Database Operations



The record_transaction exemplar is the preferred methodology to insert/update/delete objects in the database. It is a robust methodology that supports embedding other record_transactions within a record_transaction to support creation of joined objects.


  • When you run an insert transaction, no result is returned and no result is stored within the transaction.
    • If you have the method fire_post_insert_actions() defined on the record exemplar, ensure it is returning self. See method comments for dd_record_mixin.fire_post_insert_actions().

Application Transaction Context


Case Insensitivity

You can use the modifiers option in a predicate to search collections on fields that do not have case insensitive field type. In the following example :ci is passed along to the wild call. Other options are :not for negated and :partial for prefix test.

pred << predicate.wild(:a_fld_name,"search criteria*",:ci)


Do you want to easily search for a record that may be in one of several collections based on a field name? You can use the following to get all records in all collections that have the field name of interest. Then you can find the matching criteria from them.

!rs << gis_program_manager.databases[:gis].rwo_set().select(:field,{:name})
!ms << !,"a name")


Smallworld has functionality used internally for merge/post to determine differences between the alternatives.

Table Differences

In order to get the table differences you need to compare two alternatives. So for this example let's say we are going to compare the current and the parent alternatives. You will need to get a handle on the alternatives. Here is an example of getting the views needed for the GIS dataset.

current_view << gis-program_manager.databases[:gis]
parent_view << current_view.replicate(-1) # this gets a "replica" view or the parent alternative
base_view << current_view.replicate(:base)

You can use current_view.table_changes_to(parent_view) to get the list of table/collection names that have been changed.

Record Differences

Typically you will run the difference stream on the current collection and parent collection. You will need to get a handle on the 2 or 3 collections. If doing a basic what changed comparison, you could get away with the current alternative collection and the parent alternative collection. But you may want to compare to the base as well (The parent alternative as it was when you created/aligned/posted the current current alternative). Here are 2 examples on table/collection named street and using the above views.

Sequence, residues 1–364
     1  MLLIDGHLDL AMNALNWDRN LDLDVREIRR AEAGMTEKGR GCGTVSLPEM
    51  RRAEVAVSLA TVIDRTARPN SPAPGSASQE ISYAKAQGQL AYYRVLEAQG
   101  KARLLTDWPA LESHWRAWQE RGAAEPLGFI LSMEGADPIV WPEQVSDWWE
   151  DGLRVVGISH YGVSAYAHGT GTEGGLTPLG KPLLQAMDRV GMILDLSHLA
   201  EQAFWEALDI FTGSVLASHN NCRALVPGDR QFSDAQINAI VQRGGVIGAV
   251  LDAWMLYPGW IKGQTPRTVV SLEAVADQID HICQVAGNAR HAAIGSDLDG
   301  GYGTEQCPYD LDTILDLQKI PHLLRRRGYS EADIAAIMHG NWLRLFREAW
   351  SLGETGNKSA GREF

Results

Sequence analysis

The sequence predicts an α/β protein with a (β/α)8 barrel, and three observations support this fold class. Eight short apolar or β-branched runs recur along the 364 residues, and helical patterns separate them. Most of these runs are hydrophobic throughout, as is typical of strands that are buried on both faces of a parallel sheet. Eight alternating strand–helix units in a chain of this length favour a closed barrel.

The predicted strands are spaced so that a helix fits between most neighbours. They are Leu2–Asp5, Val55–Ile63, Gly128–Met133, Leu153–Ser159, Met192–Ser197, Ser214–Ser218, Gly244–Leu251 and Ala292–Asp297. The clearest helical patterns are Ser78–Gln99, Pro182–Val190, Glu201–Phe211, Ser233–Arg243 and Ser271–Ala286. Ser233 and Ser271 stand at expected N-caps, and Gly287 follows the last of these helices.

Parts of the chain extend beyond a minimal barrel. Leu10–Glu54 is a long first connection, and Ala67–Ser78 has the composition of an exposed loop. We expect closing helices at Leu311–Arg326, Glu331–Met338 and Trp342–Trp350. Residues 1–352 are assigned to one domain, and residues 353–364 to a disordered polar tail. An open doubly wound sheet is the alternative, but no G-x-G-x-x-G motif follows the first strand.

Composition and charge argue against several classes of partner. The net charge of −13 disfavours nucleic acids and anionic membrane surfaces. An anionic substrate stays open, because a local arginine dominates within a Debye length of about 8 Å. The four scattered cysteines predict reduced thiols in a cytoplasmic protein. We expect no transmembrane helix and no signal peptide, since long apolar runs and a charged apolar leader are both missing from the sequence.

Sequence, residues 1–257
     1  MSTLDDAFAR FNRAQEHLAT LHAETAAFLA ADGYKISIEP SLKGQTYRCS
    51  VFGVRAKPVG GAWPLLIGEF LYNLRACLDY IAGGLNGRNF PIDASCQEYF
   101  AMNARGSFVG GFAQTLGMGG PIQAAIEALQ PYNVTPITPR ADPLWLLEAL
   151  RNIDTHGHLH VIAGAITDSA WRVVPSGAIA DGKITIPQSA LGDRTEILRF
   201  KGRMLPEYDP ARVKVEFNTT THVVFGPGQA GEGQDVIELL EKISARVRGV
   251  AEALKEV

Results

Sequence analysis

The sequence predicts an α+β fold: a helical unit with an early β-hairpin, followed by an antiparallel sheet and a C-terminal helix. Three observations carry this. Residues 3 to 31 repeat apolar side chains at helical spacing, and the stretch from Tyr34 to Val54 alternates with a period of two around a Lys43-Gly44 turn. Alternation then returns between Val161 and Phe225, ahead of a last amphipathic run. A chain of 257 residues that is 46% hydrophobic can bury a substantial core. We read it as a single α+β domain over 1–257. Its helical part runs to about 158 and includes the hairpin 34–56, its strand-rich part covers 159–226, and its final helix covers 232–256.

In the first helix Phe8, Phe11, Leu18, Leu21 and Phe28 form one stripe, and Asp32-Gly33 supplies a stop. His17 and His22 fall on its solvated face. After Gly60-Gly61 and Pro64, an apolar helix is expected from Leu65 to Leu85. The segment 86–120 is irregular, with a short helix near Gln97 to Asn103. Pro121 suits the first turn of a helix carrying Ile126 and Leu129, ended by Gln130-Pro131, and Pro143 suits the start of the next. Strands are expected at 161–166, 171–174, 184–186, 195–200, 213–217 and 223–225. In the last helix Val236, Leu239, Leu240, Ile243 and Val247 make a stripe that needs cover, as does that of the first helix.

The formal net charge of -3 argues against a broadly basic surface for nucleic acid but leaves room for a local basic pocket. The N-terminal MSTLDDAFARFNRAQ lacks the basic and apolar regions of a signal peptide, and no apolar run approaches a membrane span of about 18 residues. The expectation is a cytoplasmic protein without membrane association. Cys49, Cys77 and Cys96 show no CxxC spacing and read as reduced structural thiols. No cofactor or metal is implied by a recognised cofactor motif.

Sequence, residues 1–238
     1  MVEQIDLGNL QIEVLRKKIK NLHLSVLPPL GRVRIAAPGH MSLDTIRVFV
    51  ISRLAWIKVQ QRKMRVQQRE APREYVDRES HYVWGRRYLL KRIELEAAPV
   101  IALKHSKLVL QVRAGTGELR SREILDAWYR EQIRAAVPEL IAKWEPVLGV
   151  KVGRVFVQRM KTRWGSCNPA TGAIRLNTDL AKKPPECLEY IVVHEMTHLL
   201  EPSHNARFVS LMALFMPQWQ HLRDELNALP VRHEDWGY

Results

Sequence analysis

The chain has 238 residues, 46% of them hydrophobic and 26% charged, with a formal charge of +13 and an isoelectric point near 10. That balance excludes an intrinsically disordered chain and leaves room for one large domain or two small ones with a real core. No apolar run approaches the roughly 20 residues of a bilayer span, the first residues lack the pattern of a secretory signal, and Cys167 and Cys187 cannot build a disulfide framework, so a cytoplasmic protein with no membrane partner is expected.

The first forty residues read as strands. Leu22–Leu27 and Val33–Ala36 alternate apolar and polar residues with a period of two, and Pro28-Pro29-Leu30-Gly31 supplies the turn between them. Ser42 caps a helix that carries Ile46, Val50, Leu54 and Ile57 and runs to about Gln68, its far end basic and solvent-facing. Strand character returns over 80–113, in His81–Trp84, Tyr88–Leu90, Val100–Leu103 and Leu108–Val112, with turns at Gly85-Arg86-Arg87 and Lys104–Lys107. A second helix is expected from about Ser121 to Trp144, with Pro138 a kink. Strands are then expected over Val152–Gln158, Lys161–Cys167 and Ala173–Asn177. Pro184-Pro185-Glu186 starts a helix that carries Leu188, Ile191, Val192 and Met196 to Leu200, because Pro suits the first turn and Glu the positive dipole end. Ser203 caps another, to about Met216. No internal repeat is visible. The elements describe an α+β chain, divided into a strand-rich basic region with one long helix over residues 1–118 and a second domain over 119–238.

# Basic comparison of the parent & current views
diff_strm << ds_difference_stream.new_on(current_view.collections[:street],parent_view.collections[:street])
(change,curr_rec,base_rec,new_rec) << diff_strm.get()
# Comparison of the parent, current, and base views
diff_strm << ds_difference_stream.new_on(current_view.collections[:street],
(change,curr_rec,base_rec,new_rec) << diff_strm.get()


view.merge() is how to merge changes. Note that with the auto-conflict resolution functionality, you should run this within a ACE somehow… This should be documented somewhere….


There is a way to submit designs to the job manager to merge. These would run on the # or job servers you have set up. You can create a Job type that does this auto-magikally also so you don't have to select the jobs, it does all of them, or some sort of filtered set that you can create.


You can use the datamodel_merge_engine exemplar (available in at least 4.3+). There are several ways you can use it. Here are 2

  •,:ace).merge_alternatives() - This would merge all the ACEs. You will need to be at the top ace alternative when you do this.
  •, :gis).merge_alternatives() - Will merge down to all children from current :gis alternative.

Writable Alternatives

User ACE and Scratch views are normally required to be writable. But if you have multiple sessions up, the system will create numbered child alternatives. This functionality is provided from the method select_writable_alternative() on the view. If you want to force a child alternative, you can use the restricted method select_writable_subalternative() from the current alternative.

Scratch View

Scratch view is where you can hold "temporary" data. My understanding is it the "middle ground" between actual storage in the database and in memory objects. So if you have a large amount of data that is going to be needed for processing, this might be a good option. It supports creation of tables on the fly also.

Table Creation

You can use .create_scratch_collection() on gis_program_manager (gpm) to create a scratch collection.


Table/Record interaction

Once the collection has been created, you can interact with records from that collection. Here are some examples.

# Insert a record

# Get the record

# Describe fields

You can send this collection to the explorer.

I have seen scratch data support geometries as well.

This is a temporary alternative that is forgotten about when leaving the alternative or closing the view. It appears to use UVAs like a normal alternative.

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